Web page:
The role of supply chain assistant is a very varied one, and one which affords professionals a lot of opportunities for progression and earning higher salaries.
This is because every big retail organisation has a supply chain and procurement needs, so there are plenty of roles out there that need filling.
But just because the industry might not be one of the most competitive, this doesn’t mean the job is guaranteed. You still need to create a killer CV to impress the employer – and you can do this using our top tips below and example supply chain assistant CV.
- Supply Chain Assistant CV example
- Structuring and formatting your CV
- Writing your CV profile
- Detailing work experience
- Your education
- Skills required for your Supply Chain Assistant CV
Supply Chain Assistant CV example
Before you start writing your own CV, take a look at the example Supply Chain Assistant CV above to give yourself a basic understanding of the style and format that recruiters and hiring managers prefer to see.
Also, take note of the type of content that is included to impress recruiters, and how the most relevant information is made prominent.
Supply Chain Assistant CV structure and format
If you focus on the written content of your CV but ignore how it actually looks, your efforts could end up wasted.
No matter how suitable you are for the role, no recruiter wants to spend time squinting and trying to navigate a badly designed and disorganised CV.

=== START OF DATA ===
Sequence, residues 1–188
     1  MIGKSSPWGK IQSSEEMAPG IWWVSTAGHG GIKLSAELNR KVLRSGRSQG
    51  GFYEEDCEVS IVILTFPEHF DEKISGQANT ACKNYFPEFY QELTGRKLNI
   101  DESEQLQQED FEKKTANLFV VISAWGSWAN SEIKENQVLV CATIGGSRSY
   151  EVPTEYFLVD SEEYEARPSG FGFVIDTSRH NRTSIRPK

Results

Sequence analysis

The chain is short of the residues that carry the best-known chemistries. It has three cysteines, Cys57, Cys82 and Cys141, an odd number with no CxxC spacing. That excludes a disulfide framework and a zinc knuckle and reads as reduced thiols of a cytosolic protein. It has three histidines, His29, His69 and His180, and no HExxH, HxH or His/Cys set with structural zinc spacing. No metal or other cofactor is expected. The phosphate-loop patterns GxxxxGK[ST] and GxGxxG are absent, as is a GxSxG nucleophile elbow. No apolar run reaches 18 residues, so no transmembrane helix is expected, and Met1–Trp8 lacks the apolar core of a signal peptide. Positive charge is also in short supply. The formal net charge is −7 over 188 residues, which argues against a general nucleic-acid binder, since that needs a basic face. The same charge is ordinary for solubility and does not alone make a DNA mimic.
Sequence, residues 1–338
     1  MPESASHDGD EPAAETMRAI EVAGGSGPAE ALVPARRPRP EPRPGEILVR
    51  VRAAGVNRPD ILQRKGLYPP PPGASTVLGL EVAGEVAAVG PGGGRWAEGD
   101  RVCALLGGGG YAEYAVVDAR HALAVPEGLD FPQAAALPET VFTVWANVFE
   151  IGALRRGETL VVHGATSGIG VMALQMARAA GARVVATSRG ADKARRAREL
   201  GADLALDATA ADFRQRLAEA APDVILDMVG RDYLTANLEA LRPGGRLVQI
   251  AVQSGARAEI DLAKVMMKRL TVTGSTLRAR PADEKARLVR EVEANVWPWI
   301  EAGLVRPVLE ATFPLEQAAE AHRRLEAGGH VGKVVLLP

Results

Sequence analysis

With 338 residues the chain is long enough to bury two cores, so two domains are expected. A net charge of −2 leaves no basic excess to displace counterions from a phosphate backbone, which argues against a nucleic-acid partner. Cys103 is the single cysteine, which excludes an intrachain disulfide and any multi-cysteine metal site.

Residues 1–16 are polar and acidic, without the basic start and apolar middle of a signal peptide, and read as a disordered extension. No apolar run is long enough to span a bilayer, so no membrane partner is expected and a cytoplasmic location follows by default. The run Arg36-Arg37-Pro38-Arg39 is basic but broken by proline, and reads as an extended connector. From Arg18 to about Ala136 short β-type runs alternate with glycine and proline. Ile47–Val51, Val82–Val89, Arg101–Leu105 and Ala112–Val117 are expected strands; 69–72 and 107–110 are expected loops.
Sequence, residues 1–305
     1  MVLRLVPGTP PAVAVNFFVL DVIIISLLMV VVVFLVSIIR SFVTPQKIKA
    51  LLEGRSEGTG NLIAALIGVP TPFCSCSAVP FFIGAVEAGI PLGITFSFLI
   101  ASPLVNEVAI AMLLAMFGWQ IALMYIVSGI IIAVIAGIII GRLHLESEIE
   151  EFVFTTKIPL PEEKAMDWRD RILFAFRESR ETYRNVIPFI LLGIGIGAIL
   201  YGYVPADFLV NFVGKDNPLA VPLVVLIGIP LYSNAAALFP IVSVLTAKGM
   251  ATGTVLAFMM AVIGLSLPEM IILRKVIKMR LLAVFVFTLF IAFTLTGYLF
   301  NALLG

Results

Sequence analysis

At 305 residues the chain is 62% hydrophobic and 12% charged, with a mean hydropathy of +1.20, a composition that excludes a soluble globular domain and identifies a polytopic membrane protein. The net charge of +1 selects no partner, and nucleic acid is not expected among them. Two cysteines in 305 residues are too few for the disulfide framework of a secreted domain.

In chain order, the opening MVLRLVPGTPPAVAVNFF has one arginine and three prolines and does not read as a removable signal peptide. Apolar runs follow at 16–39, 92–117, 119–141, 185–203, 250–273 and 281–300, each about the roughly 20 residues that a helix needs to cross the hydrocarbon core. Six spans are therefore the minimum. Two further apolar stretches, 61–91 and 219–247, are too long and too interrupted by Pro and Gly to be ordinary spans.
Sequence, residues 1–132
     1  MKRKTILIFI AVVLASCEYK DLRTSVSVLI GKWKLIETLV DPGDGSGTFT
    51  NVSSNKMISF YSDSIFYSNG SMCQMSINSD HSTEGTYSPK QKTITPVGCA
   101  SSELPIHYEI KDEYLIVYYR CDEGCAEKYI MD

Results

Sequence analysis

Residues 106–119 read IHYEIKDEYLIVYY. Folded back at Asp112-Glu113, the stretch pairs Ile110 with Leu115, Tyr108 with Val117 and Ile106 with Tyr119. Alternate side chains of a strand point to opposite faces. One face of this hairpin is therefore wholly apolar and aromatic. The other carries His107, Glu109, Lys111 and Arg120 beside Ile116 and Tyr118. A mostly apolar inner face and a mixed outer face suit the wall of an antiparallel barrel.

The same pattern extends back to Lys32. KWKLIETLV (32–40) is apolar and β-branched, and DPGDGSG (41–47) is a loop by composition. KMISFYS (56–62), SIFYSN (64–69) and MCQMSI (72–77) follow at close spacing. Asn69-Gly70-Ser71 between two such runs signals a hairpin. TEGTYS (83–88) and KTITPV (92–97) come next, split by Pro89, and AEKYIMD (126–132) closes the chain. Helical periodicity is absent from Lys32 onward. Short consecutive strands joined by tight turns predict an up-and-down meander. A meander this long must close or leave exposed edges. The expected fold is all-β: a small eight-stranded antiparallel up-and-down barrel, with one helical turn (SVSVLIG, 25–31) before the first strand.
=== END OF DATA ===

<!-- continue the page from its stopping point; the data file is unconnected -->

Instead, make sure to organise your content into a simple structure and spend some time formatting it for ease of reading – it’ll get you in recruiter’s good books from the get-go!
- Length: Recruiters will be immediately put off by lengthy CVs – with hundreds of applications to read through, they simply don’t have the time! Grabbing their attention with a short, snappy and highly relevant CV is far more likely to lead to success. Aim for two sides of A4 or less.
- Readability: To help busy recruiters scan through your CV, make sure your section headings stand out – bold or coloured text works well. Additionally, try to use bullet points wherever you can, as they’re far easier to skim through than huge paragraphs. Lastly, don’t be afraid of white space on your CV – a little breathing space is great for readability.
- Design: The saying ‘less is more’ couldn’t be more applicable to CVs. Readability is key, so avoid overly complicated designs and graphics. A subtle colour palette and easy-to-read font is all you need!
- Avoid photos: Recruiters can’t factor in appearance, gender or race into the recruitment process, so a profile photo is totally unnecessary. Additionally, company logos or images won’t add any value to your application, so you’re better off saving the space to showcase your experience instead.